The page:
In this article, William Engdahl shares his perspective on the impact of Putin’s actions in Syria and where it might lead.
But it’s this piece of history that draws my attention:
Russia before Bolsheviks
Contrary to the mythology that passes for history at western universities such as Cambridge, Oxford, Princeton or Harvard, Russia in the years leading to outbreak of World War I was on the path to become a towering prosperous economic nation, something especially not welcome in London.
Czar Alexander II during the American Civil War issued a decree to liberate the serfs in 1861. Unlike Lincoln’s emancipation of slaves, Russian serfs were liberated with land. The 22 million liberated serfs were free to go to the cities where they provided the labor force for emerging industry. In 1881, a terrorist band of some 40 members, assassinated Alexander II. Russia was becoming too powerful for the British. The assassin came from a terrorist clique, People’s Will (Narodnaya Volya), secretly financed by London international bankers as were virtually all such “revolutionary” organizations then in Russia, much as the USA government NGO’s today finance the Russian Opposition Coordination Council, Alexey Navaly’s Progress Party and other “opposition” groups.
Despite the death of Alexander II, modernization of Russia continued. In 1883 the assassinated Czar’s son, Alexander III, followed serf liberation with creation of the state Peasant Land Bank allowing peasants to buy their land with virtually interest free loans. Railways were built, including the Trans-Siberian Railway, the ambitious project of Russia’s great economic innovator, Count Sergei Witte. Witte, who had translated the German national economist Friederich List into Russian, was well aware that the phenomenal industrialization of Germany after 1871 owed much to the ideas of List and his followers.
The Czar named Witte as Director of Railway Affairs within the Finance Ministry from 1889 to 1891. There he initiated building the Trans-Siberian Railway to unify the vast area of Russia. Witte also managed to win the principle to assign employees based on their performance, rather than political or family connections.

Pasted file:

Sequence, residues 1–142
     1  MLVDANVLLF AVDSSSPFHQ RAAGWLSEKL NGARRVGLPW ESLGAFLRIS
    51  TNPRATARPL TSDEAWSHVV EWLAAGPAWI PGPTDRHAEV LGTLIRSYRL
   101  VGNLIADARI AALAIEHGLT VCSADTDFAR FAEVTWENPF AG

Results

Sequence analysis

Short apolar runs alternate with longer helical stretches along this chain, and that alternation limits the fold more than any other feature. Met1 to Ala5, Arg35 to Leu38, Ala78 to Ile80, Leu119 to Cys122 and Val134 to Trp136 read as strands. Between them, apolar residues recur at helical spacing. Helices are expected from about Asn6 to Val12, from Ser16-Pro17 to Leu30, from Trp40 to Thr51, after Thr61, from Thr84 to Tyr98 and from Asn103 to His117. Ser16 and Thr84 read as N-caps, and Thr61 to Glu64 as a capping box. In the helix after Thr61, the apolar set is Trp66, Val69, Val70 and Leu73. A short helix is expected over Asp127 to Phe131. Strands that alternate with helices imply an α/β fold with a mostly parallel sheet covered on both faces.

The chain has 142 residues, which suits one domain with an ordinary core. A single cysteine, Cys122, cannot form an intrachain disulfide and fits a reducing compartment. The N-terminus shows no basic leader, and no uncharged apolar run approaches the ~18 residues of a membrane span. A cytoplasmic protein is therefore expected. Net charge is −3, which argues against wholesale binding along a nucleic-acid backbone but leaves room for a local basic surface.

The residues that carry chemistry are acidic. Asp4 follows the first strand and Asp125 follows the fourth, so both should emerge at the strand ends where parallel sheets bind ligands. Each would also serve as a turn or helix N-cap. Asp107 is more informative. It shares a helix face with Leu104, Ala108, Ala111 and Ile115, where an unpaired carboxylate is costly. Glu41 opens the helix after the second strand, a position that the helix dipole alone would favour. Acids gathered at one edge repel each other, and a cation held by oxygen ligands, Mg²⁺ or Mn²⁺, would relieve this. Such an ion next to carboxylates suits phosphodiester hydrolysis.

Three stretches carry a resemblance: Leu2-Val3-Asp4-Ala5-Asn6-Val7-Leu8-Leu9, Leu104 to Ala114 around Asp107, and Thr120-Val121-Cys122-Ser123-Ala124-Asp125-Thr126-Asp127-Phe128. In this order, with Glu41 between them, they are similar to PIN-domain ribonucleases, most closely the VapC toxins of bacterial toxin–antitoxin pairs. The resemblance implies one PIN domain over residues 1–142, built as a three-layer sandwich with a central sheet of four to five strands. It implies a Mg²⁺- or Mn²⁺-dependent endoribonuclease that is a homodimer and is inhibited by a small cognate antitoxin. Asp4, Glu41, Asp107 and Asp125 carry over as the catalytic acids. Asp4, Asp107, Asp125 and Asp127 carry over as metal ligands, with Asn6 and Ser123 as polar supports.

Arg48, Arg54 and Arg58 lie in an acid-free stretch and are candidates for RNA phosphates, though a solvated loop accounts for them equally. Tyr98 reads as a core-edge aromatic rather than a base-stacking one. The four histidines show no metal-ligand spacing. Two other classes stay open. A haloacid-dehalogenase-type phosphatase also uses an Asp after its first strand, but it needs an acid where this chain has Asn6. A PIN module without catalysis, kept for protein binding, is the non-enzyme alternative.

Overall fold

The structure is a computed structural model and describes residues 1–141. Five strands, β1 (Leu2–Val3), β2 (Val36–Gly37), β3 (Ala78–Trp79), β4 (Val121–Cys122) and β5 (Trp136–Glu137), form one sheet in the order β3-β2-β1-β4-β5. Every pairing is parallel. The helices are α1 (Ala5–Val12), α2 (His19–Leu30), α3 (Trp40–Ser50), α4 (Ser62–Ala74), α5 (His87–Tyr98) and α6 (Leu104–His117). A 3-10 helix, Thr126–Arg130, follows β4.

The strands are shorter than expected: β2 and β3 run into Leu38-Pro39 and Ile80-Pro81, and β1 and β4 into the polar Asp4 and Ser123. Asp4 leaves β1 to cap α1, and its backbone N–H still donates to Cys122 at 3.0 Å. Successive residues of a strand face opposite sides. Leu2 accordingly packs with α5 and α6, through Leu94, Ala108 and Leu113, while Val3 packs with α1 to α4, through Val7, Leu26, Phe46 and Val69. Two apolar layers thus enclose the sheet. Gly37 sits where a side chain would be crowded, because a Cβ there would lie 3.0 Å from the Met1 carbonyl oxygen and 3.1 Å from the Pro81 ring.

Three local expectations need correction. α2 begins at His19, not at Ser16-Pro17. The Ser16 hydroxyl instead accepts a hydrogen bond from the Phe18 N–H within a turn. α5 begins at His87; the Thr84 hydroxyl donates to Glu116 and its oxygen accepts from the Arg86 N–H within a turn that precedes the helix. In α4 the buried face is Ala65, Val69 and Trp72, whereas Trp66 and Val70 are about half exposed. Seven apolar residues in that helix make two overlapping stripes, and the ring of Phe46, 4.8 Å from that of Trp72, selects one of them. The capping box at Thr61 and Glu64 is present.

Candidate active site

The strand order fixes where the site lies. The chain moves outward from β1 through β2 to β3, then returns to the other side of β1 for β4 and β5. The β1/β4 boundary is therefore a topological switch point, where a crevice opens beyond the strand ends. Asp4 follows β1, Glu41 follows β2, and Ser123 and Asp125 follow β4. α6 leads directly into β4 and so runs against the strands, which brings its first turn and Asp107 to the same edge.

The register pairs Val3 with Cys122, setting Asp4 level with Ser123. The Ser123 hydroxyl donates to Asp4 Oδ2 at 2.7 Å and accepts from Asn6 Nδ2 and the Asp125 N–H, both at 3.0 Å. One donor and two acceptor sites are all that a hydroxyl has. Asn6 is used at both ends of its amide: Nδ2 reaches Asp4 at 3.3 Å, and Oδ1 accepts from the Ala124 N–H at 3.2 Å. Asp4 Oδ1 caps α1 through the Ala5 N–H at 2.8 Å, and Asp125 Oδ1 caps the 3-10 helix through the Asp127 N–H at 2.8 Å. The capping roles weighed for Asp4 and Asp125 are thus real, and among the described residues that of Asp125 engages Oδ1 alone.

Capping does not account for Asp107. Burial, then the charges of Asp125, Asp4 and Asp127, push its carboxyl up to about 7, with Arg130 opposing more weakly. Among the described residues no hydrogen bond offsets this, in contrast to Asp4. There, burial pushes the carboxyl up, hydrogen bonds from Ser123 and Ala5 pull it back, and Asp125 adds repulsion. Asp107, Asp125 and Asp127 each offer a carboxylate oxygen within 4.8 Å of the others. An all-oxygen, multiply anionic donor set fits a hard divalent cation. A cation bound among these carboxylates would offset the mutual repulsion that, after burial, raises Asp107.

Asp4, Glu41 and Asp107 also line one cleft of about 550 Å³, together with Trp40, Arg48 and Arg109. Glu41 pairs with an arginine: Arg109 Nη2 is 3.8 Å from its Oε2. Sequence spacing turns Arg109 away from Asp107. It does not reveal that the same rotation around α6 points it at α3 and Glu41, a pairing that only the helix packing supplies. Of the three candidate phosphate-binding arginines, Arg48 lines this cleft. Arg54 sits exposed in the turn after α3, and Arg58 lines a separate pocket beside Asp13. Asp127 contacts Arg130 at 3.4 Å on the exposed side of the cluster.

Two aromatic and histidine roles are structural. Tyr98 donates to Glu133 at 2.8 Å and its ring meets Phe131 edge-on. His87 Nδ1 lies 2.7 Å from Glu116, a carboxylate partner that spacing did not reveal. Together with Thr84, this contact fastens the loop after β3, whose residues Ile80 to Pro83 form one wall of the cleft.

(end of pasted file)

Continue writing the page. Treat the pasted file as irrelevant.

In 1889, Witte published a paper, “National Savings and Friedrich List,” outlining the economic theories of List, who justified the need for a strong domestic industry, protected from foreign competition by customs barriers, opposite today’s WTO or TPP or TIPP free trade regimes. This resulted in a new customs law for Russia in 1891, which spurred a dramatic increase in industrialization.
In 1892 Witte as Minister of Finance accelerated funds to railway construction, made a treaty agreement for passage of the Trans-Siberian rail line via China to Vladivostok, and concluded a ten year commercial treaty with Germany. In 1896 he put the ruble on the gold standard, and passed a law limiting factory work hours and other labor laws more advanced than those of the United States then. Russia was prospering and at peace with all her neighbors, especially Germany and China.
British machinations to foster the 1905 Russo-Japanese War and the ensuing Revolution of 1905 in Russia, and ultimately to manipulate the Czar into a secret alliance with France against her natural ally, Germany, resulted in the destruction of the enormous positive developments of pre-Revolutionary Russia. Wall Street and the City of London financed Leon Trotsky, Lenin, and the Bolshevik Revolution essentially as they did Boris Yeltsin after 1990, to open up Russia for looting and balkanization by favored western companies.
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This is another illustration of the hidden history prior to the Bolshevik Revolution and those who drove that revolution for their own ends.